Term of Award

Summer 2020

Degree Name

Master of Science in Biology (M.S.)

Document Type and Release Option

Thesis (open access)

Copyright Statement / License for Reuse

Creative Commons License
This work is licensed under a Creative Commons Attribution 4.0 License.


Department of Biology

Committee Chair

Christine Bedore

Committee Member 1

Johanne Lewis

Committee Member 2

Vinoth Sittaramane


Sensory experiments require anesthesia so the animal is immobilized, however fish anesthetics have shown to depress sensory responses. Newer anesthetics may offer similar anesthetic relief, but differ in means of action so sensory responses may be unaffected. Propofol has been used intravenously on small elasmobranchs but may provide prolonged effects if used as an immersion anesthetic. Objectives of this study were 1. Determine appropriate concentration of anesthetic to minimize induction and recovery for animals anesthetized at a surgical plane of anesthesia and 2. Measure physiological response of the pupil to light stimuli during anesthetic immersion. To address these objectives, I used the coral catshark (Atelomycterus marmoratus) and the Atlantic stingray (Hypanus sabinus). Ventilation rate and reflex responses were recorded to measure induction and recovery in increasing concentrations of tricaine and propofol. Appropriate concentrations of anesthetics are approximately 160 and 1.4, and 140 and 0.7 mg L-1of tricaine and propofol in A. marmoratus and H. sabinus, respectively. After 1.5 hours of dark adaptation in anesthetic (50, 100, or 150 mg L-1 tricaine or 0.5, 1, or 1.5 mg L-1 propofol) or no anesthesia (control), tricaine 100 mg L-1 trials show reduction in percent pupil constriction (p-1 trials in Atlantic stingrays (p-1 of propofol (p anesthetized using 1.5 mg L-1of propofol (p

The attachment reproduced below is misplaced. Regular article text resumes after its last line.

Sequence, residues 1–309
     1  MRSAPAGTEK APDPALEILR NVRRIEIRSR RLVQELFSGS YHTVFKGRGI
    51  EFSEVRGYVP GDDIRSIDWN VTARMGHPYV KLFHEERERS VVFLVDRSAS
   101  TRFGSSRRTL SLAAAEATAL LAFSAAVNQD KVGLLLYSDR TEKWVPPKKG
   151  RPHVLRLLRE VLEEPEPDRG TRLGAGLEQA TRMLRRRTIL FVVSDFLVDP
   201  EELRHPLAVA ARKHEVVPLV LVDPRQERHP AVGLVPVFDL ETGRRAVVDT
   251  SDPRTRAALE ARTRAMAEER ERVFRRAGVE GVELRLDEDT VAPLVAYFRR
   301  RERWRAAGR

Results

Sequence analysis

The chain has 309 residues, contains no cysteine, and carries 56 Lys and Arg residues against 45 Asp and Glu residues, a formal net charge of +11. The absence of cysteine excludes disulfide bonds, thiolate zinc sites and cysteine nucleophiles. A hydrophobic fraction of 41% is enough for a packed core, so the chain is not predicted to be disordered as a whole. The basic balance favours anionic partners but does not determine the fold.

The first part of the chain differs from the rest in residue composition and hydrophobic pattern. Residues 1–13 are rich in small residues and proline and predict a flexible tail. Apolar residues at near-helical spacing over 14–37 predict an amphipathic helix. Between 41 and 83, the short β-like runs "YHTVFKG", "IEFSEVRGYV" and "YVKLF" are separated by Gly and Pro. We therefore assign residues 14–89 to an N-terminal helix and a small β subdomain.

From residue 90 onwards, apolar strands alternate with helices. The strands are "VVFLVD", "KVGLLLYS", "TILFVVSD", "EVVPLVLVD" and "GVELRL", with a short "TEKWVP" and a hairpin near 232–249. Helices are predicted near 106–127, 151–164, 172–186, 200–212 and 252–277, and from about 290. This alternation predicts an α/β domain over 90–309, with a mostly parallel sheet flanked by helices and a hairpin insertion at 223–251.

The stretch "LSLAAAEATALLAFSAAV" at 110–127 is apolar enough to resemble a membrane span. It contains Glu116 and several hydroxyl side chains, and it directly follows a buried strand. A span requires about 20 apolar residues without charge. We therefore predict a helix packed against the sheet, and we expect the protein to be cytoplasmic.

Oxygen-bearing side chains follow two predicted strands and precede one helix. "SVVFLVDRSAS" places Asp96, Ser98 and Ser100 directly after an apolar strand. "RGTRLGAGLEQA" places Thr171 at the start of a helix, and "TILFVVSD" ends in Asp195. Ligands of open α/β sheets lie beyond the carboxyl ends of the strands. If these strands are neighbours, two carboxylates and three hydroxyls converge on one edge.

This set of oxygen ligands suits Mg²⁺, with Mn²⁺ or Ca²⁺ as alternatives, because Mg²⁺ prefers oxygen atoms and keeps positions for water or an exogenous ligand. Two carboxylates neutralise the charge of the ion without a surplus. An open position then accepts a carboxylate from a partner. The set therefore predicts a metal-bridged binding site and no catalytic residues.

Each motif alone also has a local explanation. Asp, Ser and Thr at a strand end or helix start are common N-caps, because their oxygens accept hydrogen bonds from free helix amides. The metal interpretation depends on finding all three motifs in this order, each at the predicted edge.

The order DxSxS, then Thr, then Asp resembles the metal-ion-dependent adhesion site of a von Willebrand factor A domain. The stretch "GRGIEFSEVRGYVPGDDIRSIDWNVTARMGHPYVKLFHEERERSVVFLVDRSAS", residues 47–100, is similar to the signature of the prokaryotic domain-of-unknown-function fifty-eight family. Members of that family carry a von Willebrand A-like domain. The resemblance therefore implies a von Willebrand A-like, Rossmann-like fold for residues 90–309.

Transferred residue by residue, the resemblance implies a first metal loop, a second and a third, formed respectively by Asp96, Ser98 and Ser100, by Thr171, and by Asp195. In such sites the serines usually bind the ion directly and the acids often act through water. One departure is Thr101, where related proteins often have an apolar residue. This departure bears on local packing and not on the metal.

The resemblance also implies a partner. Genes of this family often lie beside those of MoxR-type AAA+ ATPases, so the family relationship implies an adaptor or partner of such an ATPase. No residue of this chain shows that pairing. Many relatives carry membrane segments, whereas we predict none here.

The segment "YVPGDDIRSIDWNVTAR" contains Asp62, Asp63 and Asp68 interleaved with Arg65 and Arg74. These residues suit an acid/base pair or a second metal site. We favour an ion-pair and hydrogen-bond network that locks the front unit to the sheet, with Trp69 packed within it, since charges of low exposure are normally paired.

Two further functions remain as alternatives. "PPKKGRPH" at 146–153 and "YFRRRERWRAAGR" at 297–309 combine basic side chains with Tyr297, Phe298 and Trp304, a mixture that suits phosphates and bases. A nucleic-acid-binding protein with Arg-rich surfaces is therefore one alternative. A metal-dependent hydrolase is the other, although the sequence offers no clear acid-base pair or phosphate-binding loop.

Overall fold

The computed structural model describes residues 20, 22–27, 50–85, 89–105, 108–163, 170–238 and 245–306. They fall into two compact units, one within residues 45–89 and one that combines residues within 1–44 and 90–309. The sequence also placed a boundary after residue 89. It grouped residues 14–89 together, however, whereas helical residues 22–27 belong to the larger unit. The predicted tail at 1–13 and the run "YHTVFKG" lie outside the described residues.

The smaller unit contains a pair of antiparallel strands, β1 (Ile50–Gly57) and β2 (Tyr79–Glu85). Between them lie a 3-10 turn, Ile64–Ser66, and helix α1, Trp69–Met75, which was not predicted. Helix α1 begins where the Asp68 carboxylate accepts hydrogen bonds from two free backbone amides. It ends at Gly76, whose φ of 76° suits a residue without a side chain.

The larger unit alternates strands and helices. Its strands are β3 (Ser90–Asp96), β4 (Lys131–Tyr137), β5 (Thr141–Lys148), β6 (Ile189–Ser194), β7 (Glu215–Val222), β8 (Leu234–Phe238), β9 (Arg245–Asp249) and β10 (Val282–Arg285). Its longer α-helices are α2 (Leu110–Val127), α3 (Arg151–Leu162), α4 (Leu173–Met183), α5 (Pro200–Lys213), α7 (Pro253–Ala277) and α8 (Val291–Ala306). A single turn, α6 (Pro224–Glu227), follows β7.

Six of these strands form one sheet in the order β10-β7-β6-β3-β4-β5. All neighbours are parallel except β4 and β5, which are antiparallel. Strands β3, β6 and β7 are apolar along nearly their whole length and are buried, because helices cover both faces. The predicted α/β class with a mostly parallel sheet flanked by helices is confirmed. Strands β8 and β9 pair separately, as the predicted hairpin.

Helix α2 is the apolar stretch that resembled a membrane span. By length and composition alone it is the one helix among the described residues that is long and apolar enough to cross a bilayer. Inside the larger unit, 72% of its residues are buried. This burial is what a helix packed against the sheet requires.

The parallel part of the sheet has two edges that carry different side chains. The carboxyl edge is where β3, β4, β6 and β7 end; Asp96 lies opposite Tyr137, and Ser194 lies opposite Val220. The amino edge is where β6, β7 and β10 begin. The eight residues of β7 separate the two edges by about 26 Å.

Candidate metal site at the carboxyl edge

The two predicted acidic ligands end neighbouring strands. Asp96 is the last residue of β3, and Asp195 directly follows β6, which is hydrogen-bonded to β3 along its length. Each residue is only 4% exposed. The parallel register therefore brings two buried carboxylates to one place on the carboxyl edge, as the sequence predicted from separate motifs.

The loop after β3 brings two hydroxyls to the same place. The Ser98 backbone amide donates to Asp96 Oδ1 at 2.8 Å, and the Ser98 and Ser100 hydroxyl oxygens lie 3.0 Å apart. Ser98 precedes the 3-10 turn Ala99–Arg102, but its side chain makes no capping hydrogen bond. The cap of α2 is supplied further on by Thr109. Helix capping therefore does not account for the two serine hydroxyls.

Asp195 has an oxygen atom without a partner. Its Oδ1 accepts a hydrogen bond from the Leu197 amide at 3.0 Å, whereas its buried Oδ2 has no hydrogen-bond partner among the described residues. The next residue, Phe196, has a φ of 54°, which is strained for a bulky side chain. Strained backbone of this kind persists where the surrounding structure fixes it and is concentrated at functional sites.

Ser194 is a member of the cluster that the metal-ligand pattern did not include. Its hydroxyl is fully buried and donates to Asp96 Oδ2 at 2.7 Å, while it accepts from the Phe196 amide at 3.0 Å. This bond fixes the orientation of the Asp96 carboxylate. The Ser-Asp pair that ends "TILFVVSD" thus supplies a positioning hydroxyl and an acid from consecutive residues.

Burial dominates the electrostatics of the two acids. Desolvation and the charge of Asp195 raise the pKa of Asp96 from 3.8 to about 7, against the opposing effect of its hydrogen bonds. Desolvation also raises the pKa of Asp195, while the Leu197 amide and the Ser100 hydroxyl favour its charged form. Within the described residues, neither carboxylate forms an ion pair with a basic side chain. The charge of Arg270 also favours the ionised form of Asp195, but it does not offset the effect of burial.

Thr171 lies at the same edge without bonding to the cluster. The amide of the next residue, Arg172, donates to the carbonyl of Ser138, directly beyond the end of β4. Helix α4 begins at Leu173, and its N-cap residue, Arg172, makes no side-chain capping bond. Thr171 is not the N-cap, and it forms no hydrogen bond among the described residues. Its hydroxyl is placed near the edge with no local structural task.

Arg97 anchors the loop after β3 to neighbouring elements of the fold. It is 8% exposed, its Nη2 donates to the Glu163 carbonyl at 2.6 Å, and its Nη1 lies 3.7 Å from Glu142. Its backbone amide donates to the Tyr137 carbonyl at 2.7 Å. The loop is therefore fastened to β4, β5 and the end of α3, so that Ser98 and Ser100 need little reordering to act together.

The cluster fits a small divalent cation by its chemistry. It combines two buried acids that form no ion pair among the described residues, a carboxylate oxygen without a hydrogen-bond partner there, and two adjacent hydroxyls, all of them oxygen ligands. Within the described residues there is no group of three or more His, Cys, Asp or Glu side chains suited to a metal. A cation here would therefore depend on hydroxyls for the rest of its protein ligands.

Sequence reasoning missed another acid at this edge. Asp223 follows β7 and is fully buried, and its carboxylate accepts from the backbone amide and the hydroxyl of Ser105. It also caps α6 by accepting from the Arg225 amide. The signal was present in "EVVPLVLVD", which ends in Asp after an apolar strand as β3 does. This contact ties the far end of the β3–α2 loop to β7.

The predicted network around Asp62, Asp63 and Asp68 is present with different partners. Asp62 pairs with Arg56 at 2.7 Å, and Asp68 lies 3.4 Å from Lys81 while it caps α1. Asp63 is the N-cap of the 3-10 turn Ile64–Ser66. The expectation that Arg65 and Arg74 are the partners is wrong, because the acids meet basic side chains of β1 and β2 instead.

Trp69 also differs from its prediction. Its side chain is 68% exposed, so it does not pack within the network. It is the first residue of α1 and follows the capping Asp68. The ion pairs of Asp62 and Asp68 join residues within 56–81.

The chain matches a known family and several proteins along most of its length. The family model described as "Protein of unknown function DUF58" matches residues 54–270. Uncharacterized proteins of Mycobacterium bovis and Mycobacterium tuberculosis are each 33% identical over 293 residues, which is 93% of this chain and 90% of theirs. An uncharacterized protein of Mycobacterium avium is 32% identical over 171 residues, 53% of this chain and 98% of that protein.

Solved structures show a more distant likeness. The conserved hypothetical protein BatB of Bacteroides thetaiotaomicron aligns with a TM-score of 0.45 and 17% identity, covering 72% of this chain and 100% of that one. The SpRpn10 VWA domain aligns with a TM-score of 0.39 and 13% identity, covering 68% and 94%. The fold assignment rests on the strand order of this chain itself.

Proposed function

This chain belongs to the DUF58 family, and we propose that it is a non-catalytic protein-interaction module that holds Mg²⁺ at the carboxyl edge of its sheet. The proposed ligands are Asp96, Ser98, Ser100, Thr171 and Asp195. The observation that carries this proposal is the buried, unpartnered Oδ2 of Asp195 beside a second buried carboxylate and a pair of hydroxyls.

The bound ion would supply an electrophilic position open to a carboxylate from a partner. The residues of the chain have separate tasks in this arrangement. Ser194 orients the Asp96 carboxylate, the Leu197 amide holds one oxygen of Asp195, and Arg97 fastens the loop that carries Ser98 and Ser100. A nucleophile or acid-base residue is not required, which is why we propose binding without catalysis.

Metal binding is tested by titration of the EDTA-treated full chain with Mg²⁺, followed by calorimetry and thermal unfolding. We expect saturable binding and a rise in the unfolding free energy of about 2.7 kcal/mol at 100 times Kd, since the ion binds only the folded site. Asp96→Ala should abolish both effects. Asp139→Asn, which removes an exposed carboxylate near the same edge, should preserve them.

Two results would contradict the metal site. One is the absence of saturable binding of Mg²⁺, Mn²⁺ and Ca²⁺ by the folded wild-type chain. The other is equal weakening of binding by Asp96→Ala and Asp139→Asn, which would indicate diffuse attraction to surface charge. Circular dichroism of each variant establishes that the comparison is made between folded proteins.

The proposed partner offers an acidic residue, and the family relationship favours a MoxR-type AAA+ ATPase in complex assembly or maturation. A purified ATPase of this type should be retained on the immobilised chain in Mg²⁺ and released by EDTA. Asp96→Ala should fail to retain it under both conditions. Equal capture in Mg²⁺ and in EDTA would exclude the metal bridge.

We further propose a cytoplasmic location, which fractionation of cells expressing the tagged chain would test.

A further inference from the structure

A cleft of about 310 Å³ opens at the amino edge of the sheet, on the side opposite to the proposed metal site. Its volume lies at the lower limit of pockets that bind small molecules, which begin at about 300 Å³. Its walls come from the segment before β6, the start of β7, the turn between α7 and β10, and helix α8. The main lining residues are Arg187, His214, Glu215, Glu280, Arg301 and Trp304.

OCLC Number


Research Data and Supplementary Material